required during the warmer months.

Stallion-like behaviour, driven by hormones, can remain for approximately six weeks and

turnout with mares should not begin until at least four weeks post-castration. After this

time, your colt can be treated as a gelding, making management easier.

In older horses, those been working as breeding stallions, or donkeys, the risk of

complications is increased and as such, closed castration is often advised. This is done under

general anaesthetic and sutures (stitches) are placed. This is a more expensive procedure

but it does lessen the risk of complications.

Unfortunately, castration is a surgical procedure that carries quite a high risk of

complications. Knowing what is to be expected after castration means you can identify any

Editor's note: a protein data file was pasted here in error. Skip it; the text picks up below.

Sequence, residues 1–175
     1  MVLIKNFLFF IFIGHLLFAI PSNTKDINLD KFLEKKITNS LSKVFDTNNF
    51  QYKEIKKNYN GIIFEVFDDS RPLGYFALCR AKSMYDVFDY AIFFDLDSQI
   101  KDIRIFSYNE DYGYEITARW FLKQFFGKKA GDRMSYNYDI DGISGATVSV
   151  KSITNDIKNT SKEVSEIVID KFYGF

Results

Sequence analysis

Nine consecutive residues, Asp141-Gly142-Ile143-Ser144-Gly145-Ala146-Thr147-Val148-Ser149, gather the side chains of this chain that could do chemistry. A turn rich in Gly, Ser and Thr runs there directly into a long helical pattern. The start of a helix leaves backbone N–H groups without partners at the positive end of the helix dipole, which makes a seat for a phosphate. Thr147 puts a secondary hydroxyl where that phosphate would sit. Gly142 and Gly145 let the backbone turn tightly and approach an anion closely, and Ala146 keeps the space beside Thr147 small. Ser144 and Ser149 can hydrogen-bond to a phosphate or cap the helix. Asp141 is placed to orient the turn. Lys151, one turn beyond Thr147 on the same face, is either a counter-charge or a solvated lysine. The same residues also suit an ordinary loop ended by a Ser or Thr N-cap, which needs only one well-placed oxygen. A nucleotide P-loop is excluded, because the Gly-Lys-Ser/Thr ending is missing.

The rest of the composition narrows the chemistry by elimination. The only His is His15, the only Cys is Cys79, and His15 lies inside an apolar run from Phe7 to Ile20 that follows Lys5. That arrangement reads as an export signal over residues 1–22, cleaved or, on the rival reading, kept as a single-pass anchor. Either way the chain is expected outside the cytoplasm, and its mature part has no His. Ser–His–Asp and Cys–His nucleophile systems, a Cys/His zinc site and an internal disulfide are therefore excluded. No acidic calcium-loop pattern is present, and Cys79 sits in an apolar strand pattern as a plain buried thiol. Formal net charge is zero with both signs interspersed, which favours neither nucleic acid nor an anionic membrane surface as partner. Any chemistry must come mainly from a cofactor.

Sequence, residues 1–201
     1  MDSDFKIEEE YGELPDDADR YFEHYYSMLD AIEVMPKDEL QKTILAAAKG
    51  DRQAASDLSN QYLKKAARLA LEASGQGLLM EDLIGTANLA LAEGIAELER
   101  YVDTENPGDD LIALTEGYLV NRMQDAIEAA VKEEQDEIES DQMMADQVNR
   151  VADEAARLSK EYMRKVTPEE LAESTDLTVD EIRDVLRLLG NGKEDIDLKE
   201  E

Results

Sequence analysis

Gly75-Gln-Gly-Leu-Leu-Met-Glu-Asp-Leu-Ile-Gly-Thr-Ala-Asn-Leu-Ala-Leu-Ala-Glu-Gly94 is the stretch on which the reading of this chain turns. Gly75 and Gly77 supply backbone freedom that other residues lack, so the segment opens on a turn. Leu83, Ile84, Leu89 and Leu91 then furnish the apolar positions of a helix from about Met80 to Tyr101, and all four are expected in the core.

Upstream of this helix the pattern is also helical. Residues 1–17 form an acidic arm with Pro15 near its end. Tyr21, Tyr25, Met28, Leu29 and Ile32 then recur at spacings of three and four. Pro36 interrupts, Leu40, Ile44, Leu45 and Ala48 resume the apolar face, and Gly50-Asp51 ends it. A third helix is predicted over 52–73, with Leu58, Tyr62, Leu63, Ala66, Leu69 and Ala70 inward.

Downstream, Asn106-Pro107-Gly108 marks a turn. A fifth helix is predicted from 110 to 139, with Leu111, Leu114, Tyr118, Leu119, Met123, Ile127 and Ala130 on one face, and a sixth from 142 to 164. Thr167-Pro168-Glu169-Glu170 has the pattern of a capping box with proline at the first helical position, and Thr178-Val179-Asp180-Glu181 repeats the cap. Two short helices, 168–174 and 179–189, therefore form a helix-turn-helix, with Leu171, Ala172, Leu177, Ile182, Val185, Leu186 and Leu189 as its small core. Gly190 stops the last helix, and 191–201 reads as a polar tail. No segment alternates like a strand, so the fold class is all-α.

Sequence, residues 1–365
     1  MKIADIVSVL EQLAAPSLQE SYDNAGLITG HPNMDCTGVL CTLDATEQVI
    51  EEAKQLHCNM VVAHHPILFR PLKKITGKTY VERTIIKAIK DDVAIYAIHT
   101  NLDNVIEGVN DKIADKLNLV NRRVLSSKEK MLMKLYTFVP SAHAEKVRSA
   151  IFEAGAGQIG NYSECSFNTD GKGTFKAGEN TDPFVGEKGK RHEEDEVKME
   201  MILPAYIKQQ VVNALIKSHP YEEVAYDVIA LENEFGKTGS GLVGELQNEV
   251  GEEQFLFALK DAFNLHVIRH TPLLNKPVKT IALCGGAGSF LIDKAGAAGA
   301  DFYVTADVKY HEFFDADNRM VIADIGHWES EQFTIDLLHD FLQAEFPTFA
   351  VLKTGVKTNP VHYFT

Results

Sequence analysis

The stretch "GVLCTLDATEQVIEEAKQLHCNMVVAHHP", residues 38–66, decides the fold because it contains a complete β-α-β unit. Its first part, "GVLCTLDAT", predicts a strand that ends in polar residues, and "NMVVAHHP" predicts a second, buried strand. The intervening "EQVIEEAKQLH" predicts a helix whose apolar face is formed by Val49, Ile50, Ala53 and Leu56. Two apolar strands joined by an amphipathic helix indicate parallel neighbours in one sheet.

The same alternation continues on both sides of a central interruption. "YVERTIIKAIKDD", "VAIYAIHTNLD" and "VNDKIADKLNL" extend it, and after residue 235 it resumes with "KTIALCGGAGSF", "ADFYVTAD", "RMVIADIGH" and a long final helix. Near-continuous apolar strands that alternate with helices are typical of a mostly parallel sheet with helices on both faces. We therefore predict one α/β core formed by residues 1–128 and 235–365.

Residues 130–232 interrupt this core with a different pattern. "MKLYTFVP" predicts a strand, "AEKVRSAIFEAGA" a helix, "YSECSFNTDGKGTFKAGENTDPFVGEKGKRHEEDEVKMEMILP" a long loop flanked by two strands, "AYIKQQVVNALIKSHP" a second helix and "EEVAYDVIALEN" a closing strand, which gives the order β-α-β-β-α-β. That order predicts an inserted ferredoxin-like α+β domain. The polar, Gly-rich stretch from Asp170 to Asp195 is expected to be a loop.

problems early.

Significant bleeding can occur after the sedation wears off and the horse wakes up. If the

drops of blood cannot be counted, or a stream of blood is seen, then the vet will need to

return to assess the surgical wounds.

Due to the nature of the open standing castration, very rarely, herniation can occur and

abdominal contents can protrude from the wounds. Although this is incredibly rare, it is

important to know that it is a veterinary emergency.

Infection is probably the most commonly encountered complication and is seen as excessive

swelling, heat or discharge from the wounds. Sometimes a course of antibiotics is required,

and occasionally, the horse will require additional surgery to remove any infected tissue,